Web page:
John, who blogs over at Chilmark Research, posted a note recently about his conversation with a Massachusetts urologist regarding the latter's experience with HIEs and EHRs (see: Here an HIE, There an HIE, Everywhere an HIE). He makes a lot of interesting points. Below is an excerpt
This urologist’s practice has been using eClinicalWorks (eCW) for several years now and despite their proficiency with using this EHR, the practice has never fully recovered the productivity it once had. Regardless, they have come to accept this hit on productivity as just the cost of doing business....Harry spends two days a week in surgery with most operations taking place in one of four facilities: local, unaffiliated hospital Winchester (who uses Meditech), Beth Israel Deanconess (has a home-grown EHR but encourages affiliate practices to adopt eCW), Childrens’ Hospital (a Cerner shop that also promotes eCW in ambulatory) and Partners which is now moving from its homegrown EHR solution to Epic (BTW, in a recent conversation with a contact at Partners learned that they are spending $1M/day for next five years on Epic switch - ouch!). All of these hospital organizations want a closer affiliation with these urologists in support of future value-based payments and of course just getting these physicians to do more surgeries at their respective institutions. Thus, all of them want the urologist practice to adopt their interoperability model.
Harry stated that Partners, the biggest healthcare organization in metro-Boston and arguably New England, is pushing particularly hard for them to switch to Epic as Epic does not have an HIE offering (Epic Everywhere is not an HIE in our definition nor apparently in ONC’s) and encourages its customers to put all ambulatory affiliates on Epic instead. In addition to these organizations, the Commonwealth is also encouraging this practice to join the statewide HIE. After the pain and suffering Harry’s practice went through to become proficient on eCW, they are loathed to switch to Epic. Besides, switching to Epic would limit their ability to connect with other healthcare organizations they work with as Epic does not play well with others. Harry’s situation is not unique and is likely being played out across the country, especially in urban areas where there may be a number of competing healthcare systems each trying to establish their own HIE. In such a situation what is an independent physician practice to do? Certainly they could sell the practice, as many physicians have already done, to the highest bidder. Not an option for Harry and his physician partners as they like their independence and plan to keep it that way. They could turn to the statewide HIE and hope that it will provide the depth of services (interoperability) to enable them to connect and share records in support of care coordination with all hospital systems they work with. Ideally, this may be the best approach but unfortunately they’ll be waiting a very long time for this to happen, if it happens at all. ill leaves a very critical 20% unresolved.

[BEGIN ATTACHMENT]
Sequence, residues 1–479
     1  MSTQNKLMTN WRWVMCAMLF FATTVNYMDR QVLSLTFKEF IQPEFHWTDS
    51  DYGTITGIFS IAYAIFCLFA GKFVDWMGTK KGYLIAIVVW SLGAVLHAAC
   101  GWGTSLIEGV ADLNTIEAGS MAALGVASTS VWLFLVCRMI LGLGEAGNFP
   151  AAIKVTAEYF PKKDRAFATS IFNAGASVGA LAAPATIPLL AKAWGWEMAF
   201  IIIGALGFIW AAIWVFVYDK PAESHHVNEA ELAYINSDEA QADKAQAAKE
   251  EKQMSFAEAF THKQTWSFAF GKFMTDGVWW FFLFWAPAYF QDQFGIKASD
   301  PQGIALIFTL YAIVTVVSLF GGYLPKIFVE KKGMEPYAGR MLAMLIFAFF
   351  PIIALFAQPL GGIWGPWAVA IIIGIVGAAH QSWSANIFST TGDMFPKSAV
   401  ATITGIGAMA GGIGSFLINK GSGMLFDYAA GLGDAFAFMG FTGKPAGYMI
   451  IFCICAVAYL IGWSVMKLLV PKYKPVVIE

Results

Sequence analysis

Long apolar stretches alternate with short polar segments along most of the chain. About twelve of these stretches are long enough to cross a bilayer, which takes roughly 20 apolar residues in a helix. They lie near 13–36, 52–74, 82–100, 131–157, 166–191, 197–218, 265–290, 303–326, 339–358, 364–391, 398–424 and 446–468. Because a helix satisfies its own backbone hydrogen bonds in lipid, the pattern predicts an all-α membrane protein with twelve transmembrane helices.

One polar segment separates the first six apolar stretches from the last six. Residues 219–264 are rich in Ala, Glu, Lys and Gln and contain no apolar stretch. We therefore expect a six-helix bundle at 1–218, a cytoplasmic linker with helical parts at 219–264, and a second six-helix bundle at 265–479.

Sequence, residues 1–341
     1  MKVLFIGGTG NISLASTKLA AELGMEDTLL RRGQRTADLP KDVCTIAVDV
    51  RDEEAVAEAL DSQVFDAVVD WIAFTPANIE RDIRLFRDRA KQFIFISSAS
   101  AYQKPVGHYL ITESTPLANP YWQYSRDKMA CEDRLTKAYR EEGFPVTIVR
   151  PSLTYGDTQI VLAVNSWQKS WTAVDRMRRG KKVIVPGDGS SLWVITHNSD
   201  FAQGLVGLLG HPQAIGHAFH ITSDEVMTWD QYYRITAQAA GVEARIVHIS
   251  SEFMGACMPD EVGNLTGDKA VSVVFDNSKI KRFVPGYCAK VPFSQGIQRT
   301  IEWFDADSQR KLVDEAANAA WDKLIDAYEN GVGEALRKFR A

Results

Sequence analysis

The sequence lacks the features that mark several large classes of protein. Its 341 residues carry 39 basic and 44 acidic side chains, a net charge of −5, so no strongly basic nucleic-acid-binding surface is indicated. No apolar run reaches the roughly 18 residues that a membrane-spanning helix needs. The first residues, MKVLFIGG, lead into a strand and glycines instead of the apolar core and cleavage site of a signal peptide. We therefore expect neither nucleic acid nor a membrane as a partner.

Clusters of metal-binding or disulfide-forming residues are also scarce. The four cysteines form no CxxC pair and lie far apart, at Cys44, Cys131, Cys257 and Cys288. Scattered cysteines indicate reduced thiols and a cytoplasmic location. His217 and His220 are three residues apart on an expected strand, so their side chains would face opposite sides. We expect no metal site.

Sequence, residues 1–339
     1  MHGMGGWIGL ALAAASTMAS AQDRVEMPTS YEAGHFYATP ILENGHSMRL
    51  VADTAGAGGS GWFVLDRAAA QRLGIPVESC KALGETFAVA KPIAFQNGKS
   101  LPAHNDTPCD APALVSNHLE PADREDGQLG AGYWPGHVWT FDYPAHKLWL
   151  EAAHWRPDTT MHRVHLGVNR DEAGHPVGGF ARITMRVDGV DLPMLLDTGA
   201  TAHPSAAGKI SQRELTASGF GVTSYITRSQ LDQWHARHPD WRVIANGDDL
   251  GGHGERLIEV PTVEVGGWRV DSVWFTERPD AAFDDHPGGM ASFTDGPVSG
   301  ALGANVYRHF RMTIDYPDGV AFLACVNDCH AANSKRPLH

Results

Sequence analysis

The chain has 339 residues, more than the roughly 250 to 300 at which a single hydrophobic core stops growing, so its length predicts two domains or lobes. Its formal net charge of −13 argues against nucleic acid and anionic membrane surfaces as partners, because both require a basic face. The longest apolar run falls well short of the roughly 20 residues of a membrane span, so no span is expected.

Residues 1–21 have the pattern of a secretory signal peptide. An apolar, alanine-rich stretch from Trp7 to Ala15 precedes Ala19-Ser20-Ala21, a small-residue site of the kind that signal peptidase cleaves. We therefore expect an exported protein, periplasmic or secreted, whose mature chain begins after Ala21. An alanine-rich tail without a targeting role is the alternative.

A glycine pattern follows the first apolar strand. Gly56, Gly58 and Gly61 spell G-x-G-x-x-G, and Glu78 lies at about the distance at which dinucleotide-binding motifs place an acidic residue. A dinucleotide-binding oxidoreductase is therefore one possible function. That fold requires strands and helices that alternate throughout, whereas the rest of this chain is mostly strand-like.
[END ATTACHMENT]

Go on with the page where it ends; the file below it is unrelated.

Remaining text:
There's a lot in these paragraphs to discuss and I don't exactly know where to start. The first point that I will take up is John's comment: Epic Everywhere is not an HIE in our definition nor apparently in ONC’s. I agree with him that Epic does not play well with others and made the same point in a previous note: Judith Faulkner, EMR Interoperability, and Washington IT Politics. Here's a quote from it:
[Judith] Faulkner belongs on the Health Information Technology Policy Committee for one important reason. Her company, Epic, holds a near-EMR-monopoly for the larger hospitals in the U.S. (see: Does Epic Exercise a Near-Monoply for EMRs in Larger U.S. Hospitals?) A central tenet of the Epic business model is hospital client control, driven by the fact that the hospitals install the software that Epic delivers when the company delivers it. In essence, she determines the IT strategy for some of the most important hospitals in the U.S. As noted above, the hospitals are also under intense pressure to install the Epic departmental systems (e.g., lab, radiology, oncology), thus ensuring smooth integration and "interoperability" and widening the influence of the company.
A second important point is that the urologist, after installing an office EHR, concluded that his practice would never fully "recover" and achieve its previous level of efficiency and productivity. I have blogged previously about the rapidly disappearance of private physician practices (see: Physician Private Practice Declines; the Last Barrier to Emergence of "Big Medicine"; Why Is the Federal Government Hostile to Private Physician Practices?; More Data on Physicians Leaving Private Practice; Discussion of Findings). There are many reasons why physicians would leave private practice or not enter one at the conclusion of training. However, John't note suggested to me one more reason for this shift. Both physicians and hospitals are being pressured to install EHRs. It may be the case, as with the urologist described above, that physicians in private practice have come to the conclusion that their efficiency is irretrievably harmed by these systems. Therefore, they logically make a decision to take salaried hospital positions where their compensation is less directly linked to their personal productivity and efficiency.